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close this bookThe Courier N 156 - March - April 1996 - Dossier: Trade in Services - Country Report : Madagascar (EC Courier, 1996, 96 p.)
close this folderCountry report
close this folderMadagascar: A history of the unknown
View the document(introduction...)
View the documentThe red moon
View the documentProfile
View the documentPresident Albert Zafy's priorities
View the documentGuy Razanamasy, Mayor of Antananarivo
View the documentAn economy on the rocks
View the documentExaltation of the senses in Madagascar
View the documentEven the Malagasies have the blues
View the documentCulture and tradition in Madagascar

An economy on the rocks

In the wake of continual skirmishing between the President of the Republic, Albert Zafy, and the Prime Minister appointed by Parliament, Francisque Ravony, which punctuated political life in the country throughout the last year, September's constitutional referendum -(entitling the Head of State to appoint the head of government) was intended to strengthen the country's leadership.

1995 began with a budget war between the new Prime Minister and his Finance Minister, which did not augur well for the future. Two budgets were submitted to Parliament, but the President and legislature were unable to reach agreement. During that time, the conclusion of negotiations with the World Bank and the International Monetary Fund (IMF) was repeatedly postponed, although donors were waiting for the go-ahead to send funds to the Republic once again. The country was unable to wait any longer: all the newspapers spoke of famine, which was beginning to take hold in the South, and virtually all the economic and social indicators made depressing reading.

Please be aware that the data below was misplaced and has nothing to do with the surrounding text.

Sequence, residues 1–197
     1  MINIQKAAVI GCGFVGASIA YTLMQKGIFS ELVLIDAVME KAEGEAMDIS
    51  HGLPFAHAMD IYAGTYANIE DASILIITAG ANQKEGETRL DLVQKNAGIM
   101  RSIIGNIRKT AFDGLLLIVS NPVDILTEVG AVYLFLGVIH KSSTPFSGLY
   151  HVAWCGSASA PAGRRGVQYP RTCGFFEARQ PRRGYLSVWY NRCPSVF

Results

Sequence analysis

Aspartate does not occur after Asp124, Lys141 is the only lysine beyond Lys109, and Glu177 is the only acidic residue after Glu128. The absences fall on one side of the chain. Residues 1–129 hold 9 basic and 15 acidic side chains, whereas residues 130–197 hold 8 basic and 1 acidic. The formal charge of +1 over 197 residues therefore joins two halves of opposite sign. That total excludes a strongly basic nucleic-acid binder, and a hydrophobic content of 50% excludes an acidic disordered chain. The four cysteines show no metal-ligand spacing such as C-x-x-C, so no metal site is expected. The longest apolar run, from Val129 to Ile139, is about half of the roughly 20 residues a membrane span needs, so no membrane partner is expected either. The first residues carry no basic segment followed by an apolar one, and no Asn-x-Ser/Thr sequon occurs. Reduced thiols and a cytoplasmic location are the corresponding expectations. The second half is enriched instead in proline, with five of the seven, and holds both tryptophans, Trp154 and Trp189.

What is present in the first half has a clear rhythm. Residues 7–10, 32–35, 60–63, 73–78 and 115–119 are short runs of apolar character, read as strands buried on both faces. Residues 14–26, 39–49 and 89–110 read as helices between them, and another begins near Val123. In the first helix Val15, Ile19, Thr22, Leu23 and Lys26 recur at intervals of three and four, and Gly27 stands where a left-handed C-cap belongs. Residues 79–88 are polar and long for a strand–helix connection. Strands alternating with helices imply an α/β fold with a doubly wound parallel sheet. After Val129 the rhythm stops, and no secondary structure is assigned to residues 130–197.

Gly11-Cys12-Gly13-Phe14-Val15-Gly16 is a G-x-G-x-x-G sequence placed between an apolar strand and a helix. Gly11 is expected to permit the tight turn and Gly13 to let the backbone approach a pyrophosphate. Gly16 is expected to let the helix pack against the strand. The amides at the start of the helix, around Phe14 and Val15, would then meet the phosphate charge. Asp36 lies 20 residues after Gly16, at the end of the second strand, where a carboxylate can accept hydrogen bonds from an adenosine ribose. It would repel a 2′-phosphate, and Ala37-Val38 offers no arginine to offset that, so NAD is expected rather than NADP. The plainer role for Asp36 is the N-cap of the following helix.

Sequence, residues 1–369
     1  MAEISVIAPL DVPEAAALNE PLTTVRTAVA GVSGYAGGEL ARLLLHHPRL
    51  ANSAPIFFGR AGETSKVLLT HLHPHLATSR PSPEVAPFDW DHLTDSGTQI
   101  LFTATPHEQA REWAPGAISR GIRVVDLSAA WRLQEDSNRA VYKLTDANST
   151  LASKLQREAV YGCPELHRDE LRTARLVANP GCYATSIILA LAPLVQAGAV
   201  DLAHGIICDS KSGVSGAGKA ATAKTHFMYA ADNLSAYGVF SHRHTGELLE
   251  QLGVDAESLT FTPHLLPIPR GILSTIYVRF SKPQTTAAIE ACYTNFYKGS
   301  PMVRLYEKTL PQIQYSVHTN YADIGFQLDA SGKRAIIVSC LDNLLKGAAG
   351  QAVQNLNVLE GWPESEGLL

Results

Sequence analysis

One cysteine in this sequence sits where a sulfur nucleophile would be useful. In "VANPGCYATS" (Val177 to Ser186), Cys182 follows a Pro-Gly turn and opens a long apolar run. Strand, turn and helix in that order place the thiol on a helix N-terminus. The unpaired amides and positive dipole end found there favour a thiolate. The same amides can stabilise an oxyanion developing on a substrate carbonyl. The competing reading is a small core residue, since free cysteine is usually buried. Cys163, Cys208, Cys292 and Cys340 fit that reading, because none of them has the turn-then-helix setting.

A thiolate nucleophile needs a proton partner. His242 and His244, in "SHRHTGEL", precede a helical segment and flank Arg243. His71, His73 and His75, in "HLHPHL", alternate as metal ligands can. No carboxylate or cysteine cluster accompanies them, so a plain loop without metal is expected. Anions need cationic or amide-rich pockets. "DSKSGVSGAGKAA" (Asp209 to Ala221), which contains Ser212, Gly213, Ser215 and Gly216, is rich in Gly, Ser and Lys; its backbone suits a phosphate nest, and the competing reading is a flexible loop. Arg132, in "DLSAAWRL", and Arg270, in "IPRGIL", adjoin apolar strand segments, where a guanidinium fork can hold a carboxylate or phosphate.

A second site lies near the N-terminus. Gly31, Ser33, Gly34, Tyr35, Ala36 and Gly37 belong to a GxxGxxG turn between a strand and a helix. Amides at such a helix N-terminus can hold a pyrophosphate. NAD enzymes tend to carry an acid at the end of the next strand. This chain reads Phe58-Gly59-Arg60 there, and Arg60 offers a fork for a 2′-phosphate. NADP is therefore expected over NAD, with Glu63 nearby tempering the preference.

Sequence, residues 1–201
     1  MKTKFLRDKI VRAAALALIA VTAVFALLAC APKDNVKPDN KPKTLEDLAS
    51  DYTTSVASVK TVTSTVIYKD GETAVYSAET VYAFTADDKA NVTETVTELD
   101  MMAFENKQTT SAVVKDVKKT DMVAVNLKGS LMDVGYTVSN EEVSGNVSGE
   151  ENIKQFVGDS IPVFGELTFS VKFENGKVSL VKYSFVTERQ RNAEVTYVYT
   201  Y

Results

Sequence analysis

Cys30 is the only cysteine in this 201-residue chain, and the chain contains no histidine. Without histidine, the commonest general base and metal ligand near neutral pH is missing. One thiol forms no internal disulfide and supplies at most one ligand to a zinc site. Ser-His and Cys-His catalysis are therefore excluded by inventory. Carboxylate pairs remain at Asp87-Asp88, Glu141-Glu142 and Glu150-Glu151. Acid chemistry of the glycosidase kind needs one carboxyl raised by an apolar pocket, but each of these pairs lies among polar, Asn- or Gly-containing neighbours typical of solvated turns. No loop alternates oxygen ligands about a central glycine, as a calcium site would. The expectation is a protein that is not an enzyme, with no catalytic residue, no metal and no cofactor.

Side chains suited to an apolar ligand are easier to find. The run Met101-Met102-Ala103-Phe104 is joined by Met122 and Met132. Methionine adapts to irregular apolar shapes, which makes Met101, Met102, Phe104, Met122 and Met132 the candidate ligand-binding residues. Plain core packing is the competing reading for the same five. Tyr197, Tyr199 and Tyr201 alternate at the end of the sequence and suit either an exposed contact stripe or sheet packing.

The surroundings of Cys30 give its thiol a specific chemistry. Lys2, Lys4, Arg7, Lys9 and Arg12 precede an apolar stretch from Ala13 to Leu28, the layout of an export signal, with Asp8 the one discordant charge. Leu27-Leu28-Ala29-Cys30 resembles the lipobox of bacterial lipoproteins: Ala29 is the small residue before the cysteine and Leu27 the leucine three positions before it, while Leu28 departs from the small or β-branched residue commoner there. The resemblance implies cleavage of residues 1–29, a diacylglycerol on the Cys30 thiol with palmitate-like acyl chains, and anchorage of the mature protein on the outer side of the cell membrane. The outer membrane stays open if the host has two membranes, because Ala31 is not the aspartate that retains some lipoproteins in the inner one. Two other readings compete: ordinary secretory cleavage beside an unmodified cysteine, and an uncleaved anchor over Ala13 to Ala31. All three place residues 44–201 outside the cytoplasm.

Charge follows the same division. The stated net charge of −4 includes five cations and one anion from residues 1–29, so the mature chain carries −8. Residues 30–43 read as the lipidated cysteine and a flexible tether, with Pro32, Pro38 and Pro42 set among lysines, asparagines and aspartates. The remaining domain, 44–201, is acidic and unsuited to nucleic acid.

Agriculture is the most important sector of the economy, representing 41% of Gross Domestic Product and providing three quarters of all jobs. It is, however, built on fragile foundations. The Malagasy Republic is the world's principal exporter of vanilla, but the price of this commodity is declining, as a consequence, among other things, of the availability of artificial flavourings. Vanilla is a fragile crop and suffers greatly from the effects of tropical cyclones.

The real driving force behind the rural economy is rice, which covers 40% of cultivated land. This crop is essentially grown on areas of burnt land, however, and the result is considerable erosion. 80% of the country's forests have already disappeared, and the loss is continuing at a rate of 200 000 hectares per year.

In addition to vanilla and cloves, the Republic's other main exports are cotton and coffee. Coffee exports fell sharply in 1994 - by nearly 20% compared with 1993 - which was regarded as an average year. In addition, the quality of Malagasy coffee is becoming poorer all the time owing to the lack of investment and poor monitoring.

Stock-rearing has the potential to be a source of foreign exchange earnings, but this sector is very poorly managed. Although the country has 10.5 million cattle, 1.5 million pigs and two million sheep, it is unable to meet its quota under the LomV Beef Protocol. This allows for seven and a half thousand tonnes of Malagasy meat to be exported to the European Unlon on highly preferential terms. This failure meant that for last year, the quota was cut by 2000 tonnes.

Successive devaluations of the Malagasy franc have also prevented farmers from looking after their livestock and from modernising their farms. Between the time the currency left the franc zone (in 1973), and 1982, the Malagasy franc was stable against the French franc. The slide began in 1983 with a depreciation of 15% and in the following year, the currency plunged by no less than 65%. The trend has continued ever since. In May 1994, the rate was FMG 330: FF1. By September 1995, it had reached 920:1. The inflation rate has hovered consistently around 50% per annum.